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The Special Expanded Project for Elimination of Neglected Tropical Diseases


The World Health Organization’s Regional Office for Africa (AFRO) is poised to launch the Expanded Special Project for Elimination of Neglected Tropical Diseases (ESPEN) – a new entity which prioritizes the integrated control of five  diseases in Africa. Endemic African Countries, Non-governmental development organizations, medicine donors, donorsand the World Health Organization (WHO) reached a consensus on theestablishment of ESPEN following two meetings held in April 2015 in Johannesburg and July 2015 inGeneva as the result of efforts to eliminate these diseases from the African Region.  The project brings hope to millions of people in the Region who suffer from one or more of the five diseases,which can be easily prevented through large-scale administration of medicines (also known mass drug administration-MDA) to communities at risk.WHO ESPEN image 1

Functioning as an integral part of WHO, ESPEN will ensure that the gains made over the past decades in the control of onchocerciasis (river blindness) are sustained while providing enhanced technical support for expanding large-scale administration of medicinesparticularly for lymphatic filariasis (elephantiasis).  It also sustains the monitoring, evaluation and impact assessment surveys in countries with plansto assess and advise on when to stop ‘Community Directed Treatment with Ivermectin’ (CDTI) and/or large-scale administration of medicines.  In addition, ESPEN will provide operational support to endemic countries to achieve elimination goals and targets in accordance with the Regional Strategic Plan for NTDs for the period 2014-2020.

“We want to integrate our approach and accelerate the elimination of the five high-burden NTDs in order to meet WHO’s Roadmap targets for 2020.  We can do this by creating conditions that will provide appropriate and timely technical support to countries as and when needed – and all this in a cohesive and cost-effective manner”, said Dr Matshidiso Moeti, WHO Regional Director for Africa, in her opening speech at an ESPEN consultative meeting.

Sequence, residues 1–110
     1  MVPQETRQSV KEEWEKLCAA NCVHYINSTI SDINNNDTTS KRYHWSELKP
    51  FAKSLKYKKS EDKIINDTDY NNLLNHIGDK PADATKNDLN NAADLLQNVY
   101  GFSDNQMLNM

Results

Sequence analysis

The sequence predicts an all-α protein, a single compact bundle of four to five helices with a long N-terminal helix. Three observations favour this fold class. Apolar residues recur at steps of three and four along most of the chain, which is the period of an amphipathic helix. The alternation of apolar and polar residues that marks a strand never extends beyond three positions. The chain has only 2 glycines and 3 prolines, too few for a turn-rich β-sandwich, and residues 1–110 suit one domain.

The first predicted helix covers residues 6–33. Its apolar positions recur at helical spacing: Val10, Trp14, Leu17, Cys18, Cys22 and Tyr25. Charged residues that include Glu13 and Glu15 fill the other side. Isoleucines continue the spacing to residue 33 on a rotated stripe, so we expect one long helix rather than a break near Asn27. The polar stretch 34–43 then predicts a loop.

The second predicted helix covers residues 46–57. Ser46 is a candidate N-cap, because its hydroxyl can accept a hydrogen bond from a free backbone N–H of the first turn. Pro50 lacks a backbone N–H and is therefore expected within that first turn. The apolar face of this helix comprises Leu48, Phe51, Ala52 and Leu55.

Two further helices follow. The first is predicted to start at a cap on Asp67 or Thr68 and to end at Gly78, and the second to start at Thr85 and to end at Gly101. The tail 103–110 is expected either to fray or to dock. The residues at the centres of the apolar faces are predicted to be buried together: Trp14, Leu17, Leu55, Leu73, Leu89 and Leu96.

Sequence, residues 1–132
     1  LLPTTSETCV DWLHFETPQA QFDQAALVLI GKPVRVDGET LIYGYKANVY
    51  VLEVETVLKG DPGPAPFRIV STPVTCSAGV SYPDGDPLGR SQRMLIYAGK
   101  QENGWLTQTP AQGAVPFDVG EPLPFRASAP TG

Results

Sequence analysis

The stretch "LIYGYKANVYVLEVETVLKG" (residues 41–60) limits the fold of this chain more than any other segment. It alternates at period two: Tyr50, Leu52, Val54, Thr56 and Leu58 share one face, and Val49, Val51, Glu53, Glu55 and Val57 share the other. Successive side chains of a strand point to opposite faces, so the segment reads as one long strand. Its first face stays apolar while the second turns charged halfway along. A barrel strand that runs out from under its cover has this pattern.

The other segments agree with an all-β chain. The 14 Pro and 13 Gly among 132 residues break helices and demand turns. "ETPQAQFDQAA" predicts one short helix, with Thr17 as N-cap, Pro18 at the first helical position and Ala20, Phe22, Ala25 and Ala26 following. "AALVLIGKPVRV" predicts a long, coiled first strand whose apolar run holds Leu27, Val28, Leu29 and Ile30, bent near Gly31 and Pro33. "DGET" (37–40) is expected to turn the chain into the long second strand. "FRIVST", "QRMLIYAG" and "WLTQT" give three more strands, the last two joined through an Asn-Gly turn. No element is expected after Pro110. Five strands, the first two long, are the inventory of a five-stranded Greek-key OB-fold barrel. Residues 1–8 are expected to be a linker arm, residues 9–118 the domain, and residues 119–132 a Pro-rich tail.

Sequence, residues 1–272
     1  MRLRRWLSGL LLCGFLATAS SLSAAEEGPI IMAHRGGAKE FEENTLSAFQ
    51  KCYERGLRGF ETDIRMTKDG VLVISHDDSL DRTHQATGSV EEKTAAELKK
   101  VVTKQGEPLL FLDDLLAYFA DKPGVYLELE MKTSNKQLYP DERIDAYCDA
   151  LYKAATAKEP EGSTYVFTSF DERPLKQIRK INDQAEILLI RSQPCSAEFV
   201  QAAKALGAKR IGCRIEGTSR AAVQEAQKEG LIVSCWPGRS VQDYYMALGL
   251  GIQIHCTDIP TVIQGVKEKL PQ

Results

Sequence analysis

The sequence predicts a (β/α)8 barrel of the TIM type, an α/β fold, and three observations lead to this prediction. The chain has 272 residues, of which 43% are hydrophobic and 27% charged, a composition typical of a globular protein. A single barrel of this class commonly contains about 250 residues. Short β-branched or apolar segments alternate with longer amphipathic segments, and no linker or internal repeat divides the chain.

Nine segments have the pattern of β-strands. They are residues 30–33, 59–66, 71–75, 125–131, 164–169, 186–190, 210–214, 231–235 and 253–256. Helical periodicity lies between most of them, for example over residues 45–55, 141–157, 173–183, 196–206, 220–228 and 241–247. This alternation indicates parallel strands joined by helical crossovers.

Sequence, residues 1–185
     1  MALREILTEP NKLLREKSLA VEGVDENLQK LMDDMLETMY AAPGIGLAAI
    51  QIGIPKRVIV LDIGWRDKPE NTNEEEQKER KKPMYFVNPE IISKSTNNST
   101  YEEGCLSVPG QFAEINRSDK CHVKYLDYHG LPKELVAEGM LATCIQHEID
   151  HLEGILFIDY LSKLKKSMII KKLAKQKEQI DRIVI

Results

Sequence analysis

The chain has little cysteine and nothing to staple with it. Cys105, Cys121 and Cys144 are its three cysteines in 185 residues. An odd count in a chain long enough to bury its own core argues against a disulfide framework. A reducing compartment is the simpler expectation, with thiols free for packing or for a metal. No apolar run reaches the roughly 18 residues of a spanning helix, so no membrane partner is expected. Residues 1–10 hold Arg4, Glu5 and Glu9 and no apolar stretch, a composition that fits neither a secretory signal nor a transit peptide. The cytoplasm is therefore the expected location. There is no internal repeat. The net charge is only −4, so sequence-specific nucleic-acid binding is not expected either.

Since her appointment as Regional Director for Africa in February 2015, Dr Moeti has introduced initiatives to make better health and well-being a reality for Africans. In providing her support for a lean and responsive ESPEN, Dr Moeti is reiterating WHO’s commitment to coordinate and strengthen collaboration with countries, donors and partners.


To achieve the 2020 NTD targets, ESPEN requires an annual budget of USD 10 million to support operational costs and staff salaries.   About 75 percent of the total budget will support technical and operational activities as well as monitoring and evaluation. For instance, if USD 10 million is mobilised for 2016, ESPEN will be able to reach more than 145 million people at risk in 26 countries with donated medicines.  Expected to start its operations from 1 January 2016, current funding for ESPEN is still inadequate.
Neglected tropical diseases in the WHO African Region and the future of Sustainable Development Goals
Neglected tropical diseases affect the most vulnerable and poorest populations of low and middle-income countries.Affecting more than 1 billion people worldwide, the diseases are endemic in 149 countries,40% withinthe WHO African Region.  Allthe 47 countries of the Region are endemic for at least two NTDs, andthe population at risk requiring preventive chemotherapy ranges from 123 million for Onchocerciasis to 470 million for lymphatic filariasis.

Eliminating NTDs in affected countries is more than an aspiration; it is a foundation for achieving the sustainable development goals. The SDGs provide an opportunity to address NTDs, particularly through SDG 3 which focuses on universal health coverage and ‘health for all’.  In respect to this, ESPEN advocates for a holistic approach to tackle health problems using the preventive chemotherapy, health education, improving access to safe drinking water, sanitation and hygiene (PHASE) approach.  By supporting endemic countries to complete mapping of preventive chemotherapy-NTDs; scaling of up mass drug administration to reach millions of people at risk of NTDs and harnessing all existing resources through coordination of NTD programmes, ESPEN will contribute to attaining SDGs.Lessons learnt in tackling NTDs willbe applied to achieving the sustainable development goals.The more NTD programmes reach the inaccessible, at risk communities, the wider the coverage of universal health care and improvement in their livelihood, contributing to the achievement of the sustainable development goals.  Success stories from the fight against NTDs continue to provide the motivation to strengthen operational mechanisms of its programmes including financial resources.